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12V buck converter with decent eff?

Discussion in 'Electronics & Electrics' started by RussellK, May 2, 2018.

  1. RussellK

    RussellK Member

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    The other day Bunnings had Ozito 18V 4AH batts for $39, so I grabbed a few with a view to using them for 12V LED lighting - they're a much handier form factor than the 12AH gel cells I've been using.

    I tried an Ebay LM2596 buck converter module that I had laying about and did a bit of bench testing.

    Dropping the battery's 23V to 12V with a 0.6A load gave 74% efficiency, rising to 78% with a 1.1A load. Neither figure seems particular stellar, and means I'm losing around a quarter of the pack's 72WH capacity.

    Anyone know of a better efficiency converter for this voltage range?
     
  2. pantner

    pantner Member

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  3. merlin13

    merlin13 Member

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    If the OP is using any 5 metre LED strips with 5050 LEDs on them then those those MP2307 regulators might struggle a tad.

    I've got a few 5050-sized Cool White ones (instead of the 'effing Greens that I ordered...) that eat well over 2 amps at 12 to 13-and-a-bit volts supply.


    OP - too lazy (and on too many meds atm) to out to the 'shop and set up a test myself, but any chance you've measured efficiency on that LM2596 at a supply voltage well below 23 DC?
     
  4. OP
    OP
    RussellK

    RussellK Member

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    Cool - so damn cheap I'll order a bunch of both and see how they perform.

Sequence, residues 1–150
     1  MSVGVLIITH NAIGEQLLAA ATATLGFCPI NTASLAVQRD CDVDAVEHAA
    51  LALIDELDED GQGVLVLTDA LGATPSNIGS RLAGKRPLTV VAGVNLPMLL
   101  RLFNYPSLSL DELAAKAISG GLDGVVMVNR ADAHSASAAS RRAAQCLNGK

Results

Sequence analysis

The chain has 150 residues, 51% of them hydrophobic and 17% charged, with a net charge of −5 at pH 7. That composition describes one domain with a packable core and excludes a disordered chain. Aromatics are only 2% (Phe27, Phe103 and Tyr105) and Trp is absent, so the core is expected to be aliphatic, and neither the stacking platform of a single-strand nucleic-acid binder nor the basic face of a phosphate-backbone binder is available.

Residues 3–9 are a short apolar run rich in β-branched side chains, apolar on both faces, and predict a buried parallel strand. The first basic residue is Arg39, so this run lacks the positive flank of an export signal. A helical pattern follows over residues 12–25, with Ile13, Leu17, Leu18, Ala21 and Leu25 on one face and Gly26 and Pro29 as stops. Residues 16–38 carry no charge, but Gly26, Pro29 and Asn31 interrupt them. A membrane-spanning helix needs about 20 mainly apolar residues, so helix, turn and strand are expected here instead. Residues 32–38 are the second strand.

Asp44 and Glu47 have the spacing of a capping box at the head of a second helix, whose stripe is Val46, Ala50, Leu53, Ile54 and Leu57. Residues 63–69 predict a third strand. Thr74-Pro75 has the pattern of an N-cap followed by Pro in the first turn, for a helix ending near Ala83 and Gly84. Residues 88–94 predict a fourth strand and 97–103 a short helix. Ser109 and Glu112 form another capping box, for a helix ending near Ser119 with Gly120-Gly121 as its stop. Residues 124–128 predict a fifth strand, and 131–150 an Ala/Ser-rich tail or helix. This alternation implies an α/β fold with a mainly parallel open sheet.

I did find these things: https://au.rs-online.com/web/p/non-isolated-dc-dc-converters/8111426/

    Which claim 96% efficiency for 24V in 12V out at 1A, but they're 22 clams. That said, for the application, that efficiency is worth the money, although 2A output would be more useful.
     
  5. OP
    OP
    RussellK

    RussellK Member

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    I'm powering 12V downlights, which are handy for the application, as they're easy to buy (Bunnings) and have useful colour temperatures and beam angles. Obviously there are some losses in the equation, including a diode bridge as the lights are designed to use AC, and whatever LED driver is inside them, but they work well for an exhibition/event stand, and the battery setup saves having to shell out the exorbitant fees that they charge for having a mains supply.

    As for testing, I used the Ozito 18V batt, which at this low load and freshly charged, measured about 23V. I could test the LM2596 at a lower input voltage, and maybe it'd be more efficient, but I'm looking for a solution for these Ozito batts.
     
  6. RobRoySyd

    RobRoySyd Member

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    Have you looked at the LM2596 spec sheet?
    Admittedly buck/boost converters aren't my strong point but I seem to recall there's optimal external component values for a given input/output voltage and current. This might be worth looking into before jumping to another chip. If you've got a variable power supply it could be revealing to plot the performance over input voltage.

    Relevant discussion here: https://electronics.stackexchange.c...ieve-the-max-efficiency-from-a-buck-converter
     
  7. OP
    OP
    RussellK

    RussellK Member

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    I did have a look at the datasheet, which sent me looking for Ebay modules with a fixed 12V output rather than the variable version, in the hope that the fixed one might have optimal components. That said, the datasheet seemed to suggest that with a 18-23V input and 12V output, the adjustable version should be able to do around 90% at 3A. A you say, I might have to spend a bit more time with module I have and see if I can get better performance out of it.